Fossil Fuels are suffering from diminishing returns. All the ‘low hanging fruit’ has been picked.
There are two tyoes of EROI; energy return on energy invested and energy return on financial investment
In the early days of steam power it was noted;
A coalminer who consumes in his own body about 3,500 Calories a day will, if he mines 500 pounds of coal, produce coal with a heat value 500 times the heat value of the food which he consumed while mining it. At 20 per cent efficiency he expends about 1 horsepowerhour of mechanical energy to get the coal. Now, if the coal he mines is burned in a steam engine of even 1 per cent efficiency it will yield about 27 horsepower-hours of mechanical energy. The surplus of mechanical energy gained would thus be 26 horsepower-hours, or the equivalent of 26 man-days per man-day.
So in this case the energy return on investment was 27 fold.
The best coal mines were generally assumed to be 100:1 return, these days 46:1 is the international mean.
World oil and gas has a mean EROI of about 20:1 The EROI for the production of oil and gas globally by publicly traded companies has declined from 30:1 in 1995 to about 18:1 in 2006. Alternatives to traditional fossil fuels such as tar sands and oil shale deliver a lower EROI, having a mean EROI of 4:1
Of course below 2:1 is usually the give up and go home point.
Nuclear power is not extra special, I think this is eroi($)
Four out of the five recessions experienced since 1970 can be explained by examining oil price shocks. During periods of recession, oil prices tend to decline, eventually encouraging increased consumption. Alternatively, during periods of expansion, oil prices usually increase and higher energy consumption and economic expansion are eventually constrained by these higher prices. Economic growth and stability is dependent on not only the total quantity of energy accessible to society but also the cost of this energy to different sectors of that society. The ratio of the monetary cost of energy compared to the GDP generated for the same year gives a quantitative index of how much money is invested in energy on average to generate a unit of wealth. This can be calculated by dividing the money required to buy energy by the total gross domestic product. When this ratio is low, typically around five percent, economies grow strongly. When this ratio is high, about ten percent (and, historically, up to fourteen percent), recessions tend to occur. From EROI of different fuels and the implications for society Charles A.S. Hall Jessica G. Lambert Stephen B. Balogh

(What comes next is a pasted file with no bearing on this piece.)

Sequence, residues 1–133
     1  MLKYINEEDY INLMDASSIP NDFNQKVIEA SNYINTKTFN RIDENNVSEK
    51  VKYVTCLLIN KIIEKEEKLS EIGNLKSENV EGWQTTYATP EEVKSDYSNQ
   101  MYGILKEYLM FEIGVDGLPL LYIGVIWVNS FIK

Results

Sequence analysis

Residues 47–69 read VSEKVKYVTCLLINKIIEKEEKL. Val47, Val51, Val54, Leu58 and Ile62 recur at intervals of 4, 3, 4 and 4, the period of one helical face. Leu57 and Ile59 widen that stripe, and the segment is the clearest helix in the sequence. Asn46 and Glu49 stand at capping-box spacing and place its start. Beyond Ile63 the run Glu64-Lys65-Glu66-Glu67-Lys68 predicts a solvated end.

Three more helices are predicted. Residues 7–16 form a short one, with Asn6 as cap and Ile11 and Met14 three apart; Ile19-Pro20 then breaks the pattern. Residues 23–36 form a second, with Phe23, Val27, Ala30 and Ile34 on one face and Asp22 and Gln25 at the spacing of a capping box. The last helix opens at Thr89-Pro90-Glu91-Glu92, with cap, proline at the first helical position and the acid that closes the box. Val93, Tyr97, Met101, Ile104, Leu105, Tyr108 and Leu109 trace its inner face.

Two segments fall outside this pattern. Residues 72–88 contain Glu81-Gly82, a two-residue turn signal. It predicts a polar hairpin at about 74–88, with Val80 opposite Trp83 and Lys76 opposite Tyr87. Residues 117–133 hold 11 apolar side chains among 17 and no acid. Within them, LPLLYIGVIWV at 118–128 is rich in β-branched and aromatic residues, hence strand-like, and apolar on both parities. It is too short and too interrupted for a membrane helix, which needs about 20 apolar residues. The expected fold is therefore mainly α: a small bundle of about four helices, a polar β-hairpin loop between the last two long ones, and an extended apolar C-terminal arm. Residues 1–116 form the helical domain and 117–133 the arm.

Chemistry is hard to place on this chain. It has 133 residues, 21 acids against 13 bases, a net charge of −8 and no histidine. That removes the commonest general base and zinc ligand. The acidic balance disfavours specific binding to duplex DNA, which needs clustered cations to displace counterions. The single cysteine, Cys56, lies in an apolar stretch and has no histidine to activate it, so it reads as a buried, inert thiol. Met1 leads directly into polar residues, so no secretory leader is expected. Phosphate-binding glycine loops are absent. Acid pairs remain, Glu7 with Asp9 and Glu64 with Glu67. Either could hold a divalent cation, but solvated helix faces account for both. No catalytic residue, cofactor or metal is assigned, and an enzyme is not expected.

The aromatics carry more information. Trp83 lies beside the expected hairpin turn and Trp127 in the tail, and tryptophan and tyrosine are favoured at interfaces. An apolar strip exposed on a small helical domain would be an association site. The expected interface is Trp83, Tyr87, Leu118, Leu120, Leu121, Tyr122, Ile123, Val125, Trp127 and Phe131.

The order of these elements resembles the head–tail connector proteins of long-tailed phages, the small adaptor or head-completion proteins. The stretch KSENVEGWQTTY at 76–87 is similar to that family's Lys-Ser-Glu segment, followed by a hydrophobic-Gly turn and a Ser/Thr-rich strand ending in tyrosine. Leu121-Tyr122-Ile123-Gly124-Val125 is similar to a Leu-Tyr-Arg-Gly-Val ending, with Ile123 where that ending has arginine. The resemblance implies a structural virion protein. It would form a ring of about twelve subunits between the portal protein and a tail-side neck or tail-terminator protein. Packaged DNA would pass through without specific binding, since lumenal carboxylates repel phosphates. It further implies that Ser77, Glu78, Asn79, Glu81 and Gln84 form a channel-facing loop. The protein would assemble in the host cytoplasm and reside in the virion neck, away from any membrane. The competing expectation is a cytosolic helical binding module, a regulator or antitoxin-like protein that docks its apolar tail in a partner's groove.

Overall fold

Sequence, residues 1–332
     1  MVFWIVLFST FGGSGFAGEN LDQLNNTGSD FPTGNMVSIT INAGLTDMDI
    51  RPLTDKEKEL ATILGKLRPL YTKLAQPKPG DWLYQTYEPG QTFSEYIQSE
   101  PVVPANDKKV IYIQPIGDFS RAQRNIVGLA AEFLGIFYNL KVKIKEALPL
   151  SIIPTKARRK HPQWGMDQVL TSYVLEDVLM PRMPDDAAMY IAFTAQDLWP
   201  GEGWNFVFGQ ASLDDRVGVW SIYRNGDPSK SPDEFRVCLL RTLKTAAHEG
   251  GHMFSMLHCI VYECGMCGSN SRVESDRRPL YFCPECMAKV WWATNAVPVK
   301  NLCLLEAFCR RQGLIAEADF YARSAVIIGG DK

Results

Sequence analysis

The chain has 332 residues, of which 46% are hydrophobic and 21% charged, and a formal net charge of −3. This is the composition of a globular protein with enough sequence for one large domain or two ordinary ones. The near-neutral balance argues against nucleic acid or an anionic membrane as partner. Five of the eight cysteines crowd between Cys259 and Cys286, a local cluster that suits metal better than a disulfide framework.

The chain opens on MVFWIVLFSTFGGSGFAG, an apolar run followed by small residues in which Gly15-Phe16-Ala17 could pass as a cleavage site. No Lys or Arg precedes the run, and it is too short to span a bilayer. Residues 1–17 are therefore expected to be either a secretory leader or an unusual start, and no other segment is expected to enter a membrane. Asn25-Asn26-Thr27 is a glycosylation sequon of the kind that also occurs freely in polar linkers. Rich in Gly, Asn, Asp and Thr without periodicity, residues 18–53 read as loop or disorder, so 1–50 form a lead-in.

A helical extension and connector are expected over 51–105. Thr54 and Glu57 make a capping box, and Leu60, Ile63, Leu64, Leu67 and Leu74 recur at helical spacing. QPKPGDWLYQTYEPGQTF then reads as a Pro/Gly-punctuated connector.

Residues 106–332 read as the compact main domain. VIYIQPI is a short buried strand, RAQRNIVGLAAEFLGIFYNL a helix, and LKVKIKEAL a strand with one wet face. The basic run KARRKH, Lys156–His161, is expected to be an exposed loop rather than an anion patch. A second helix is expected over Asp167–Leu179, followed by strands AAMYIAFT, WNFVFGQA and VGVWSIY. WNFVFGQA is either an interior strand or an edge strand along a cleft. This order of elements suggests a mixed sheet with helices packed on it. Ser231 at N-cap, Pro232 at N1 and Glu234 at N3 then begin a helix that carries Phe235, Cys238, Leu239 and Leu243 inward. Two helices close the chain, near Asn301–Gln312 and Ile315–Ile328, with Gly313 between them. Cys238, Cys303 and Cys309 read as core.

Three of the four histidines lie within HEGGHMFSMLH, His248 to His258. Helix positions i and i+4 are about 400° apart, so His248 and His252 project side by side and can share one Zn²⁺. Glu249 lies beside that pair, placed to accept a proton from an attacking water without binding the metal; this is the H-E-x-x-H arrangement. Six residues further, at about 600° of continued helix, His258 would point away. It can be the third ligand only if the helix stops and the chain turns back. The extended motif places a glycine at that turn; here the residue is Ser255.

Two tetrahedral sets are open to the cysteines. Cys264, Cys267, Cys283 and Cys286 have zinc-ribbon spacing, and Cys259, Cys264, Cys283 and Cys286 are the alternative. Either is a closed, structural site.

We have all heard of money laundering, but have you heard of Carbon Laundering with Green Wash?
DRAX is king of carbon laundering, but more locally
In 2018 Scion was proud of their ‘drop in’ biomass derived diesel replacement research, note the eroi in this chart
Natures Flame use 1J of geothermal energy (as well as electricity and maybe gas) for every 3J of wood pellets they produce
Energy laundering, like making money through financial instruments is morally corrupt, ultimately it impoverishes society.